On January 29th, Arbitrator Gordon Simmons dismissed motion to exclude evidence obtained in a bag check conducted by a municipal employer.
The employer found stolen goods after examining the contents of two bags that were left near a receiving area of a care home. One of the bags was left open and there was signage nearby indicating that personal belongings should not be left unattended. The Union argued the evidence should be excluded because the employer breached section 8 of the Charter.
In the circumstances, Mr. Simmons held that the grievor had abandoned her expectation of privacy. More significantly, he held that the Charter did not apply to the municipality in its management of the grievor’s employment relationship:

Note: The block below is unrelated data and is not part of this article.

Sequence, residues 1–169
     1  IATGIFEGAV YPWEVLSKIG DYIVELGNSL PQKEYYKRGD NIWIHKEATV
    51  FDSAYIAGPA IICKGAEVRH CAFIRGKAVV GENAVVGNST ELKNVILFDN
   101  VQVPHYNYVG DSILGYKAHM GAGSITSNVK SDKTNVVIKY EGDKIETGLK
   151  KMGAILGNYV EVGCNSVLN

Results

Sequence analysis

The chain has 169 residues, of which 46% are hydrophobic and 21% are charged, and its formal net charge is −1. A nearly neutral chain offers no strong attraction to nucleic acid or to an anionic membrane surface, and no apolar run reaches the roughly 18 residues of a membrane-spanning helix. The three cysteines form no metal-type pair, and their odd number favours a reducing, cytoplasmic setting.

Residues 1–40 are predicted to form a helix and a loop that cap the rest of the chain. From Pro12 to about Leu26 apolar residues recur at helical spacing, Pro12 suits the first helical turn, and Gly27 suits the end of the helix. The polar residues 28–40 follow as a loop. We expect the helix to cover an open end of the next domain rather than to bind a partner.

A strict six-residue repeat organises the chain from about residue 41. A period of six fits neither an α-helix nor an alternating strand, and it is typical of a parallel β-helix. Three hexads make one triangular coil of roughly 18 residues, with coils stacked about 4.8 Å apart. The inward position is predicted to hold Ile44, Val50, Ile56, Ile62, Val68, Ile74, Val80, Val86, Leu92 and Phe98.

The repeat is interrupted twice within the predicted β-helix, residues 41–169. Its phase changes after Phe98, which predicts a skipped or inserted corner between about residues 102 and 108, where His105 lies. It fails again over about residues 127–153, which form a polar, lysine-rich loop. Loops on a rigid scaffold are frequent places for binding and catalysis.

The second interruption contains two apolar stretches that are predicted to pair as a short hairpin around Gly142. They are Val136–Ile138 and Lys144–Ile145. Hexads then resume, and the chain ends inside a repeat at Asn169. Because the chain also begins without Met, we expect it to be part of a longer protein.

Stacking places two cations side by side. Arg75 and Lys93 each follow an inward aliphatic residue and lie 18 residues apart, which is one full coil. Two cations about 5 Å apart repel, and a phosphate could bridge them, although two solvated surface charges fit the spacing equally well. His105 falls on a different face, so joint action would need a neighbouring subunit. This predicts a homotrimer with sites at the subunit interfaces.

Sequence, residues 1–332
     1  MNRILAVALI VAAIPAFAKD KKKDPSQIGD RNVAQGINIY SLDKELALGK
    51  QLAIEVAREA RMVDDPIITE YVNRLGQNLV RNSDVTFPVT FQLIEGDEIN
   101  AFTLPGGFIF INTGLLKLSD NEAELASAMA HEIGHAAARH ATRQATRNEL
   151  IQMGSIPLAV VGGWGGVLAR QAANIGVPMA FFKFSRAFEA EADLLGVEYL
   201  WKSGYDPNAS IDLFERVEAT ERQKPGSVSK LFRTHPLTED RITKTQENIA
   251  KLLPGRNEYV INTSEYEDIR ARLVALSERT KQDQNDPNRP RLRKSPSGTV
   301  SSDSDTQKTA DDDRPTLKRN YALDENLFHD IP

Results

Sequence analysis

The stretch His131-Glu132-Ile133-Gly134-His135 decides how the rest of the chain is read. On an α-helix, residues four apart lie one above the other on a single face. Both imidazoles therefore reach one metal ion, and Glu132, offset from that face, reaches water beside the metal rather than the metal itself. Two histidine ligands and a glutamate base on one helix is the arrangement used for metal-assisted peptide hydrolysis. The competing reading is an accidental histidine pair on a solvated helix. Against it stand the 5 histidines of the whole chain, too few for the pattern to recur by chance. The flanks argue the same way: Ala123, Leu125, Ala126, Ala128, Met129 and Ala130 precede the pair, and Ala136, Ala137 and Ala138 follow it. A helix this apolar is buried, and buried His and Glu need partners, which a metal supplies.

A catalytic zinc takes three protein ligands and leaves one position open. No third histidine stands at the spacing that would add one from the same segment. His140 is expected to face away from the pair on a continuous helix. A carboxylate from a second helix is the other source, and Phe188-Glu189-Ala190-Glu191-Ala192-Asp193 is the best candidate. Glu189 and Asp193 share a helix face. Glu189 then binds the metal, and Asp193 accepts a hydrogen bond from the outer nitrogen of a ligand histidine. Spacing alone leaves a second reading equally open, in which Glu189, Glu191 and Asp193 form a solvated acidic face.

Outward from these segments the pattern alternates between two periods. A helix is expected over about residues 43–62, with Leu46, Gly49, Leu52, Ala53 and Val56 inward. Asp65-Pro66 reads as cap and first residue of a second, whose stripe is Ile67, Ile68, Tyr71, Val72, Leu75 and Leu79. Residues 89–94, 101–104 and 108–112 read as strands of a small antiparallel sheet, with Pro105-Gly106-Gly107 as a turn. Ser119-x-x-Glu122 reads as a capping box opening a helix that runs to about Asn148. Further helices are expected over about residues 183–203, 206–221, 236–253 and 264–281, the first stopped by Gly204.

Unlike the many reported decisions the instant case does not involve a matter arising out of a criminal activity where the state is the direct actor in the form of police involvement in carrying out the search and seizure. Instead, the issue at hand involves an employment relationship with a collective agreement. While the courts do not appear tot have addressed the set of circumstances directly it would appear the Charter does not apply.
In making this finding, Mr. Simmons relied the Supreme Court of Canada finding in Dunsmuir, where it held that the termination of public sector employees is generally governed by private law.
Ottawa (City) and Ottawa-Carleton Public Employees Union, Local 503 (Nguyen Grievance), , O.L.A.A. No. 37 (Simmons) (QL).